Putting down a wager on MMA fights is a pretty easy process, but there is a difference between any old MMA bet and a smart MMA bet. While there is no exact science to betting on MMA, there are ways to increase your odds of success which go beyond doing the necessary research, something that applies to all successful sports betting. MMA betting has some unique pitfalls that casual gamblers can fall victim to, and we can help teach you how to avoid them.
Below are some tips and betting hacks you should be aware of before throwing down your money on the fights.
1. Shop Before You Drop
The internet has myriad sportsbooks and not all are created equal! That means the odds on fights will differ, depending on where you look. If you’re going to bet on MMA, you should be shopping around at various sportsbooks, and doing so as early as possible. This practice is called line shopping and its an integral strategy for any aspiring sharp bettor.
Your best chance to find a flawed line is immediately after its posted. When a sportsbook posts odds that significantly undervalue one fighter, “sharps” will jump on it, and jump on it hard. As the money starts pouring in on that fighter, the sportsbook will adjust the odds (to encourage betting on the other fighter).
We recommend that you bookmark the MMA sections of your favorite sportsbooks and check-in daily. It’s also helpful to keep a calendar for the big events from the major MMA promotions so you know what’s coming up and when. If you do this for a few months, you will learn each sportsbook’s cadence and be able to pretty accurately predict when the odds for upcoming fights will be posted.
2. Be Strategic or Be a Sucker
Here’s a situation you might find yourself in as you embark on your MMA betting voyage. You’re out watching the fights. You already put some money down on the main event, but there are still a few undercard bouts to get through before Johnny Champion puts his belt on the line. You don’t have much interest in the next one—a pick’em fight between Over-the-Hill-Veteran and Eastern-European-Guy-You’ve-Never-Heard-Of—and you don’t have any sense of how it will play out. But you figure you’ll up the entertainment value by putting some money on it.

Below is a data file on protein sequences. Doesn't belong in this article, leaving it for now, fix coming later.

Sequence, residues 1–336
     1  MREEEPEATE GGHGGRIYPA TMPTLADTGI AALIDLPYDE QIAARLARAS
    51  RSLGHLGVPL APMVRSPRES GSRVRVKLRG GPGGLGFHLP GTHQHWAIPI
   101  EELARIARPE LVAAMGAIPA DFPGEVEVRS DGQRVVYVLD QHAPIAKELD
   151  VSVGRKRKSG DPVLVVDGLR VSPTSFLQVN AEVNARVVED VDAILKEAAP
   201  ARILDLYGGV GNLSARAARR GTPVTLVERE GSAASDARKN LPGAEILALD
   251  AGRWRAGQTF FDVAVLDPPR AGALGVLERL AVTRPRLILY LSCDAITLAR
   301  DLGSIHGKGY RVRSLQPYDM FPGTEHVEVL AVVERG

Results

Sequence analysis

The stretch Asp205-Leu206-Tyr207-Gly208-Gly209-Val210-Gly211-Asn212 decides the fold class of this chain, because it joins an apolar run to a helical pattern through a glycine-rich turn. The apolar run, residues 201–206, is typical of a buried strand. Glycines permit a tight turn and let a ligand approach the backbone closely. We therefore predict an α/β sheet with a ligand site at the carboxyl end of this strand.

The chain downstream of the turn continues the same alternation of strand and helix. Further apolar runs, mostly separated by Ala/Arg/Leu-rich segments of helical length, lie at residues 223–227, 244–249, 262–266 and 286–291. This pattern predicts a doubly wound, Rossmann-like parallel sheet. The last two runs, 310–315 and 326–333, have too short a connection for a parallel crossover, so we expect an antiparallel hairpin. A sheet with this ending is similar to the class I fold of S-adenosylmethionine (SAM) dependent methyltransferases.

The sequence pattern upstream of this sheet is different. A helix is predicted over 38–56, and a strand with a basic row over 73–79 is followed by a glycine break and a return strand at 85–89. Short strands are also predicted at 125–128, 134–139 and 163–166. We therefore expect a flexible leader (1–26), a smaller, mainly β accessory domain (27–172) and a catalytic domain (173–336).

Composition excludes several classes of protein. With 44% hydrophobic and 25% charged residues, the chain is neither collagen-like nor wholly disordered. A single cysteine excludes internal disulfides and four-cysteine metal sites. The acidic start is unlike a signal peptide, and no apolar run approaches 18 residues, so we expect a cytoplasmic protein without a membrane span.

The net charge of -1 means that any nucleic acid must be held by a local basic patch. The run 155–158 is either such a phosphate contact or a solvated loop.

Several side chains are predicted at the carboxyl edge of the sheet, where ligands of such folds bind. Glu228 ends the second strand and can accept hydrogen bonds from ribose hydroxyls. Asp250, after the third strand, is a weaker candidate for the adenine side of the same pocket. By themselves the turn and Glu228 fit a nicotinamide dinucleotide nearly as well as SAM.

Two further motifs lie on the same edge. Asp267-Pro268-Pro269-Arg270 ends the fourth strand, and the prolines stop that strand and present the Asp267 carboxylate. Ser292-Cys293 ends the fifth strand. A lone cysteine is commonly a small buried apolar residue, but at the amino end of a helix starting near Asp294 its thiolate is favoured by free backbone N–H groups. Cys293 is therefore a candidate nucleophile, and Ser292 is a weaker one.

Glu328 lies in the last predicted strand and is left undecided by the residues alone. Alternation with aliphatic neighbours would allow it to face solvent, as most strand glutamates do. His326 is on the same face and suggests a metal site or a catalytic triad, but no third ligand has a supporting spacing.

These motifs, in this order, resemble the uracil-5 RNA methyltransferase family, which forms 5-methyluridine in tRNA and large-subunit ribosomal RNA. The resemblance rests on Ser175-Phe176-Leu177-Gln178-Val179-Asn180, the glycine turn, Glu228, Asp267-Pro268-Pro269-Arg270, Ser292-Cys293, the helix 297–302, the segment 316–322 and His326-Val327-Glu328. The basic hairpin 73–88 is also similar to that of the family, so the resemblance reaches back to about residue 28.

Unless betting a few nickels is enough to hold your interest, don’t bet on (or against) fighters you don’t know. (And when I say “nickels,” I mean real nickels, not what professional gamblers refer to as “nickels.”) You probably heard the adage “knowledge is power” growing up. In MMA betting, knowledge is money. When you don’t have it to spend, keep your paper money on the sidelines.
Even if you aren’t at risk of developing a gambling problem, restraint is crucial to betting successfully, and winning is a lot more enjoyable than losing, whether you’re trying to score a big payday or just a couple bucks.
3. Styles Make Fights
You hear this cliché get thrown around a lot in MMA, but it’s true and it’s important to remember.
You can’t just bet on a fighter based on their record or how popular they are. Even a big star like Conor McGregor can get caught, just ask Nate Diaz. It’s the nature of the sport.
Most fighters nowadays are well rounded and train in a variety of disciplines, but they each have strength and weaknesses. Sometimes “Fighter A” has a style that can exploit “Fighter B’s” weaknesses and, although “Fighter B” might be on a winning streak, his tendencies may play right into “Fighter A’s” skillset.